While much research is being conducted into rising rates of diabetes mellitus around the globe, in the US an approximate 85 million people have prediabetes. Prediabetes is a condition where a person’s blood sugar is elevated outside the normal range but do not meet the criteria for diabetes. It is very important to identify these patients because, if steps are taken early, progression to diabetes can be averted or slowed.

Often, patients with prediabetes experience no symptoms at all so sometimes it is difficult to diagnose. We need to screen all people at risk including those with a family history of diabetes, are obese or overweight, are physically inactive, ever had gestational diabetes or polycystic ovarian syndrome, have central or abdominal obesity, and belong to a race or ethnicity that has a higher incidence (African American, Latino, American Indian, Alaska natives and some Asian Americans). Screening is done with a blood test.

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What should you do if you are diagnosed with prediabetes?

  • Make dietary changes. A referral to a nutritionist may be beneficial to get you on the right track. Many people think that avoiding sweets is the only step they need to do. But, a healthy diet is much more complicated and there are many different kinds of carbohydrates that need to be taken into account.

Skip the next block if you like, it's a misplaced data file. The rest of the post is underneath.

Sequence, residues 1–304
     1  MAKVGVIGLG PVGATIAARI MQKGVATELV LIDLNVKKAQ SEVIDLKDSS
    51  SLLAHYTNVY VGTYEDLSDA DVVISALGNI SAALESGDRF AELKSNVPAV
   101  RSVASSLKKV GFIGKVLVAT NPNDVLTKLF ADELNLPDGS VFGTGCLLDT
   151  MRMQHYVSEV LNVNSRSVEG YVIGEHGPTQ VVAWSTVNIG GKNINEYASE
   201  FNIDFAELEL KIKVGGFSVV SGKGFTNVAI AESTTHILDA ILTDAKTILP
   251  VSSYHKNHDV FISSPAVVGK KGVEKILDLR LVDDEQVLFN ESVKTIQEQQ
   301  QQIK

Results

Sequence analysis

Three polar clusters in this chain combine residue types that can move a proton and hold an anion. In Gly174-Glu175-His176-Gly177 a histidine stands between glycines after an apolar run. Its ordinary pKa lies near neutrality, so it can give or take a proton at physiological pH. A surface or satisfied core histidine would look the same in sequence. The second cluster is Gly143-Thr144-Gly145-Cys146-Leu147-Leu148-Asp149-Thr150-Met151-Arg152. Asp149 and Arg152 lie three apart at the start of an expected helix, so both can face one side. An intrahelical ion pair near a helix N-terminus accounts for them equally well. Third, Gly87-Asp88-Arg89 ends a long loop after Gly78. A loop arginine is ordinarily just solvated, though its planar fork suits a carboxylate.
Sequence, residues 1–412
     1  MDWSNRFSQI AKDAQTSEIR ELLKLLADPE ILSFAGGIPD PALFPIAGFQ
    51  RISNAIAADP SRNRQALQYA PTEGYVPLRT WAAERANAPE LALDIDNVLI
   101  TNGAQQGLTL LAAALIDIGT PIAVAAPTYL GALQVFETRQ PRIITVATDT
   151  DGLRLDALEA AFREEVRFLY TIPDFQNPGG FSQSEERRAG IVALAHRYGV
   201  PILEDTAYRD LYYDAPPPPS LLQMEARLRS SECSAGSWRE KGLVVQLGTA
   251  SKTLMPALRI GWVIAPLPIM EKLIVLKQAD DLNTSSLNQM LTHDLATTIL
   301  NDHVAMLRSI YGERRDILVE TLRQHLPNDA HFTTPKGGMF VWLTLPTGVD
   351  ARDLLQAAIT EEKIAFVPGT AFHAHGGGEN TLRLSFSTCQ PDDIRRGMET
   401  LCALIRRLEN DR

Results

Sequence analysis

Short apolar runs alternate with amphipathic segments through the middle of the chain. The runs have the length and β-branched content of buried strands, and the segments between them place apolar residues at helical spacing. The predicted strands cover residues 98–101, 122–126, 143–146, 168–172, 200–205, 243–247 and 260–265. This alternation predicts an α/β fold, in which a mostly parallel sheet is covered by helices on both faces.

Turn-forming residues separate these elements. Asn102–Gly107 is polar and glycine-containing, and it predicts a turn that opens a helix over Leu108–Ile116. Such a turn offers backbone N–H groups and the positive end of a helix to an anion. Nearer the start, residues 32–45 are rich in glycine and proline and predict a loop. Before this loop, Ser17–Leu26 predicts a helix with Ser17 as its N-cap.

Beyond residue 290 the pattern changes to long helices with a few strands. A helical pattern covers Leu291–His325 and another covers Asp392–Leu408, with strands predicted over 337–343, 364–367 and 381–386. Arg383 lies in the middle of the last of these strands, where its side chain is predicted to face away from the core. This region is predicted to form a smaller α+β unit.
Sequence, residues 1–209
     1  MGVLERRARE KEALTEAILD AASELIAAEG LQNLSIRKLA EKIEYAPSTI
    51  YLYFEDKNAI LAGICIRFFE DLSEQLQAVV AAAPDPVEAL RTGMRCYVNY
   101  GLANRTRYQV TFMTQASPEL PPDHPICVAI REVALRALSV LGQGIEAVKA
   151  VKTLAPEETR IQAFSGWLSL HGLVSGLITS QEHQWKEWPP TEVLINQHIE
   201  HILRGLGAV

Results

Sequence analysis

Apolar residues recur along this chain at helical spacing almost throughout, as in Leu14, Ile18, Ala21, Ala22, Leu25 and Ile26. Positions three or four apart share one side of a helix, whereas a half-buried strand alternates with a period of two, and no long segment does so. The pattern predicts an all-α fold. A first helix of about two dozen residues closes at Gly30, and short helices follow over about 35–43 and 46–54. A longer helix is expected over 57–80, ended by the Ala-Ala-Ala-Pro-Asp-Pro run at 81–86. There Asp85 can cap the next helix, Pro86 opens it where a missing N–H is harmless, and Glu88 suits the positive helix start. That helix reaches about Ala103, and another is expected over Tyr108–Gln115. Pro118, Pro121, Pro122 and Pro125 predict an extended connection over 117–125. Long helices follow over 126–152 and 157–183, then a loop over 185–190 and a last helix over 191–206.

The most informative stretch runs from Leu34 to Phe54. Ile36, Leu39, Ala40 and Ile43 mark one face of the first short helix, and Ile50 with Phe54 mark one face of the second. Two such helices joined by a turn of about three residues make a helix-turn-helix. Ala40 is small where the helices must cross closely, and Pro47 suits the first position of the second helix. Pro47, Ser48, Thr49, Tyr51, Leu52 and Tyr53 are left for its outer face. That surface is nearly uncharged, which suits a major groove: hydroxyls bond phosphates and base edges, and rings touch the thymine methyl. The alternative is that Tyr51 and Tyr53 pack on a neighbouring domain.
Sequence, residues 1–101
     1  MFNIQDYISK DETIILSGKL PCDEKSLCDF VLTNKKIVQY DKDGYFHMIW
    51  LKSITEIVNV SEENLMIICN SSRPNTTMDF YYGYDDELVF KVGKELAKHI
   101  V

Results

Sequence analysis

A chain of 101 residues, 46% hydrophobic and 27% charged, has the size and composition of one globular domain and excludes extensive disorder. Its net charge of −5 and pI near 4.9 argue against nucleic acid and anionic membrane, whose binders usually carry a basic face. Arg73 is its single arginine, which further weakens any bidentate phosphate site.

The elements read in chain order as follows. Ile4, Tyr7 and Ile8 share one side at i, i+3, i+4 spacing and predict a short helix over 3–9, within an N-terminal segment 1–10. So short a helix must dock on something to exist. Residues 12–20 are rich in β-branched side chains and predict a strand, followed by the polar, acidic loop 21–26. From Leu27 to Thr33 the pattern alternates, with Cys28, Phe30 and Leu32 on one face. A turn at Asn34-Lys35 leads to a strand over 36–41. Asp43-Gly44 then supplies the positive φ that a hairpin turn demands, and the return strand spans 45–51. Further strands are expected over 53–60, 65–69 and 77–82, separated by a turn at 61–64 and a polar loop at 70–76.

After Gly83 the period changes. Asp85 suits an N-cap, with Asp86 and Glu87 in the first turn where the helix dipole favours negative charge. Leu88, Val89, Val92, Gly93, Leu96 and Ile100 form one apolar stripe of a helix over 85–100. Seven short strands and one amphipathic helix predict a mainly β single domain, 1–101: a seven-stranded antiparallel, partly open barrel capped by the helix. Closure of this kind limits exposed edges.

• If you are obese or overweight, you should aim to lose weight. This should be done in small steps. For example, if a person needs to lose 50 pounds, it is much easier to lose 10 pounds five times than lose 50 pounds. Set up small goals and work for them. As you work to a healthy weight, remember that losing 10-15% of your body weight provides major health benefits.
  • Become more active. Increasing physical activity has been shown to provide health benefits regardless if a person is at a healthy weight or not. While many people may not have time to head to the gym, some good research shows that the benefits of exercise can be seen with several smaller increments of activity rather than a longer work-out session. So if you don’t have time to hit the treadmill for 30 minutes, you can do it for 5 minutes at a time throughout the day. The goals should be 30 minutes of activity at least 5 days a week. Additionally, many experts now recommend adding resistance or weight training into your exercise regimen.
  • See your doctor. You need to see your doctor on a regular basis to follow-up on your progress. It is very important that if you do develop diabetes, treatment be started at the earliest stage to prevent complications.
  • Get support. Enlist your family and friends to join your healthy lifestyle. It is much easier to succeed when you are not surrounded by obstacles.

As more people are diagnosed with prediabetes, more studies are needed into the prediabetic state and how management can be implemented early to halt the development of diabetes. Care teams need to be established to support these patients in their goals, both in providing educating and support. While it is good to have experts tell us how to inject insulin and possible complications, it would be better to prevent the need for such medications.

Until then, if you are concerned about prediabetes, learning about how diabetes evolves over time is a great way to empower yourself. Free video education from premier diabetes specialists, specially designed for regular people, is available on demand. Watch now >

About the Author

Linda Girgis MD, FAAFP is a family physician practicing in South River, New Jersey and Clinical Assistant Professor at Rutgers Robert Wood Johnson Medical School. She was voted one of the top 5 healthcare bloggers in 2016. Follow her on twitter @DrLindaMD.